The National Defense Authorization Act contains language that would provide upgrades to keep the A-10C in service until the late 2030s. Funding to upgrade structural components such as wings, wing spars and joint couplings is specifically identified. A-10 air frames were built between 1975 -1983, the latest models are at least 36 years old.
The A-10 is a mission critical asset for the close air support role and the only US Air Force aircraft dedicated to this mission. Combat experience in Afghanistan, Iraq, Syria and Libya demonstrated the attack aircraft’s ability to loiter over an area to engage targets at low altitudes. The US Army’s need for the A-10 during CAS operations was reflected when the branch stated the possibility of acquiring they type from the US Air Force if retired. The US Army does not typically operate fixed wing aircraft.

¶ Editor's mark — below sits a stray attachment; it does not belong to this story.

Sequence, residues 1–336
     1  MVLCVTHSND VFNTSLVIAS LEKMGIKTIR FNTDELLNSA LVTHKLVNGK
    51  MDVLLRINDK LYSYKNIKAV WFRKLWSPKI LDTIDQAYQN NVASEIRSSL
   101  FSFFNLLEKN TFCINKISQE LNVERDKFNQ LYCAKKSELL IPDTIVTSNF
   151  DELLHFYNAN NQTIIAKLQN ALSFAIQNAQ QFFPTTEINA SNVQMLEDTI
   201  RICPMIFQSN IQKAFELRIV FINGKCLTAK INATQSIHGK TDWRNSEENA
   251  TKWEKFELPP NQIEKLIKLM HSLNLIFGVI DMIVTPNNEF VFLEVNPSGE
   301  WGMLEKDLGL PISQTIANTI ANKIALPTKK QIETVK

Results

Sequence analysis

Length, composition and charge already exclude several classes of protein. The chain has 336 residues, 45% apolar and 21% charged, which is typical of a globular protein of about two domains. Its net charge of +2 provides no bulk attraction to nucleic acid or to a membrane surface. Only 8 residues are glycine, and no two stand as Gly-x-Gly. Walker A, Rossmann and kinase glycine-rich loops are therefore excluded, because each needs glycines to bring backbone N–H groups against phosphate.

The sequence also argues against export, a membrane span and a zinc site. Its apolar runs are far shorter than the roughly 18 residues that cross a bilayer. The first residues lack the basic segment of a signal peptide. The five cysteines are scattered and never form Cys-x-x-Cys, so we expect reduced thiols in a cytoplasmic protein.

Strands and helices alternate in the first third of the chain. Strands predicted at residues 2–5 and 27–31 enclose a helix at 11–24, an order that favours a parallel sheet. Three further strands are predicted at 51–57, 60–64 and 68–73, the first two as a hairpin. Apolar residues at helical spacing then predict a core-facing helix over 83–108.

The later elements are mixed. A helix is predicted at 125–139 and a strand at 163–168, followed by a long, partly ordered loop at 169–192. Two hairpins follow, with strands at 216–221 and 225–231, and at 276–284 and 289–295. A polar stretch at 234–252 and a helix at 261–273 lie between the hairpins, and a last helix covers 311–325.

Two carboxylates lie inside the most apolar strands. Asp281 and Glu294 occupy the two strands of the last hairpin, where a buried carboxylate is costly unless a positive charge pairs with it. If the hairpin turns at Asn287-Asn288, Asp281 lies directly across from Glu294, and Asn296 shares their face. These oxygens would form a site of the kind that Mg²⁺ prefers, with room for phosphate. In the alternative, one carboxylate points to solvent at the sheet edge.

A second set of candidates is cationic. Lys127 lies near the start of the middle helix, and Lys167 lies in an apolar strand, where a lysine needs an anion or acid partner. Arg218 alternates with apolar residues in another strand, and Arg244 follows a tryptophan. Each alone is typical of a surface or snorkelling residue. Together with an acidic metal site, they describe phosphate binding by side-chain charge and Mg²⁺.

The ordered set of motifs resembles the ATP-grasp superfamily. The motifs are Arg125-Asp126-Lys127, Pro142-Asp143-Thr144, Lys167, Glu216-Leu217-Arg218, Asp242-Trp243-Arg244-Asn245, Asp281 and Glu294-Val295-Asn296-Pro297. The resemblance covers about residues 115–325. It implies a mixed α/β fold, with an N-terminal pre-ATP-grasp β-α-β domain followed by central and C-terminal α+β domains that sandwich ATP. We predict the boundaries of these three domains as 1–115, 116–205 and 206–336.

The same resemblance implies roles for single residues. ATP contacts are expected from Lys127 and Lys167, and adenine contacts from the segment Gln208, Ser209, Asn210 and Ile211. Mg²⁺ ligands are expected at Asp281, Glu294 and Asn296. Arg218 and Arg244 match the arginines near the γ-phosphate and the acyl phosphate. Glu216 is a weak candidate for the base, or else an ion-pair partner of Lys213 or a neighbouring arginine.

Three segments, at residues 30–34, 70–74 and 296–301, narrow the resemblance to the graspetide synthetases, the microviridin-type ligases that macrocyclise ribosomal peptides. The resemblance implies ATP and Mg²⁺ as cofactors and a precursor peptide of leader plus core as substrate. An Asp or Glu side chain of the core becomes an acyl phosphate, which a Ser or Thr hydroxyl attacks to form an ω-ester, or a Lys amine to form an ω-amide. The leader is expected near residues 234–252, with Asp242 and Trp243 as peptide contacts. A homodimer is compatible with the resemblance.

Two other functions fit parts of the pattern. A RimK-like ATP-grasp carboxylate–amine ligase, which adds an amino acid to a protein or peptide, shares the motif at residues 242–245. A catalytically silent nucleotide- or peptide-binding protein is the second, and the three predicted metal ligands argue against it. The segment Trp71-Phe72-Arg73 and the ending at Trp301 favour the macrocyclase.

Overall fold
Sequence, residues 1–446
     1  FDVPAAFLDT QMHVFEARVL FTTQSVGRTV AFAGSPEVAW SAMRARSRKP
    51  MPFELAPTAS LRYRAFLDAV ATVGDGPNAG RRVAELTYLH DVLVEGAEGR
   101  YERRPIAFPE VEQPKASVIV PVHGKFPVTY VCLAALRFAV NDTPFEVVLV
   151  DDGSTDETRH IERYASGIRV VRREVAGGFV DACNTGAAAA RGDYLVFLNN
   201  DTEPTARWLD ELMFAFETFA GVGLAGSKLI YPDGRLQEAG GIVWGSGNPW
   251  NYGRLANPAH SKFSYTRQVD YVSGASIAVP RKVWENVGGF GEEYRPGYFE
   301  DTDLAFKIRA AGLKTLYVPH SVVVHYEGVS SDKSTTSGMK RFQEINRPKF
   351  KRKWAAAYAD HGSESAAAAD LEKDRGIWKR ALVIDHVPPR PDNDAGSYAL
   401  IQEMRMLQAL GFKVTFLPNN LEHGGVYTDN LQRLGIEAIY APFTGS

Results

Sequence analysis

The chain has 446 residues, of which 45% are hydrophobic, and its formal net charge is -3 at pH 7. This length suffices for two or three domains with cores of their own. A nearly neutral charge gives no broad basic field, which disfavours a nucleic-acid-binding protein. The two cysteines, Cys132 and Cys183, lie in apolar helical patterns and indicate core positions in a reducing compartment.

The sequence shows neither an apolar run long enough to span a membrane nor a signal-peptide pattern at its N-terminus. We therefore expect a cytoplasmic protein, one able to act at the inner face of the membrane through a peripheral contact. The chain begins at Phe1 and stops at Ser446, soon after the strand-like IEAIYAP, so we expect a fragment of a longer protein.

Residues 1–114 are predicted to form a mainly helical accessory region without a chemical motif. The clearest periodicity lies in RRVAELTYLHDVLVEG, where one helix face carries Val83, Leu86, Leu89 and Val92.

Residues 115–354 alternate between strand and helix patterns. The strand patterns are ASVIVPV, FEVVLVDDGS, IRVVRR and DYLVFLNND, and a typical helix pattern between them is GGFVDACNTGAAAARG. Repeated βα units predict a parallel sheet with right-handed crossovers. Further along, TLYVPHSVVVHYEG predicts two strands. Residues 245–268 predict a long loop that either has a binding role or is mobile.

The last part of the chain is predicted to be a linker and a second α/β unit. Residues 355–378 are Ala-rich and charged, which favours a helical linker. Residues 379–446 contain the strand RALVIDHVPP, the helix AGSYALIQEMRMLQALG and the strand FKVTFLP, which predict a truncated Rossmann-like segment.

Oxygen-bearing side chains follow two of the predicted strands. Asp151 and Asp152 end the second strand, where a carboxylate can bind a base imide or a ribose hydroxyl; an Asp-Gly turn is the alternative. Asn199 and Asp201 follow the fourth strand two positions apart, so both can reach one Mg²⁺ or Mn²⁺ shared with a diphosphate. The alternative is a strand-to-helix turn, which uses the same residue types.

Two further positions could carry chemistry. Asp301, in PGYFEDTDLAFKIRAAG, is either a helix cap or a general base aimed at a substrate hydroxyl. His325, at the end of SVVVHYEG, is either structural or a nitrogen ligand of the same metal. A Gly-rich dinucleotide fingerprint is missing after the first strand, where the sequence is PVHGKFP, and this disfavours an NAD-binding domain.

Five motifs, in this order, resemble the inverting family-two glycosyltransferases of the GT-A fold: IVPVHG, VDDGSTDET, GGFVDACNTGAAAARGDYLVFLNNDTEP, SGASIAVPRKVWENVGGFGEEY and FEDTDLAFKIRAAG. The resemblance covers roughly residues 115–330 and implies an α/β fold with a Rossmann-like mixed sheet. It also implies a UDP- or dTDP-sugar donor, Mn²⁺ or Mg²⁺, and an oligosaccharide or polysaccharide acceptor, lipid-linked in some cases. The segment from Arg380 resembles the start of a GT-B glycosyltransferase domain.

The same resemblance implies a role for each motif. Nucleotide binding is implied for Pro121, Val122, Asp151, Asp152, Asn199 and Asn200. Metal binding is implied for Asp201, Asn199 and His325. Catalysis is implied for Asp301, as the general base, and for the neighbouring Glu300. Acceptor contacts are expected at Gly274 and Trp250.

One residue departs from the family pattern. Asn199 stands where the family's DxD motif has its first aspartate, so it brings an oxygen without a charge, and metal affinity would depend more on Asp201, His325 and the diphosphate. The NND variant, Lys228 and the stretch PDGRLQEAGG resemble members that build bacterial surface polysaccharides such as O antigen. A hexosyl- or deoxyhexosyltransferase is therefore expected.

The A-10’s service life extension is supported by two previous major upgrades launched in 2007. The first bringing the type to the A-10C configuration by the addition of glass multi-function displays, precision strike capability and full color moving map. The second major upgrade replaced wings. The current service life extension includes further wing production and funding for additional maintenance repair and overhaul.
The A-10 is ideal for counter insurgency operations against non-state actors, a common use today, while retaining utility for conventional operations against mechanized forces.
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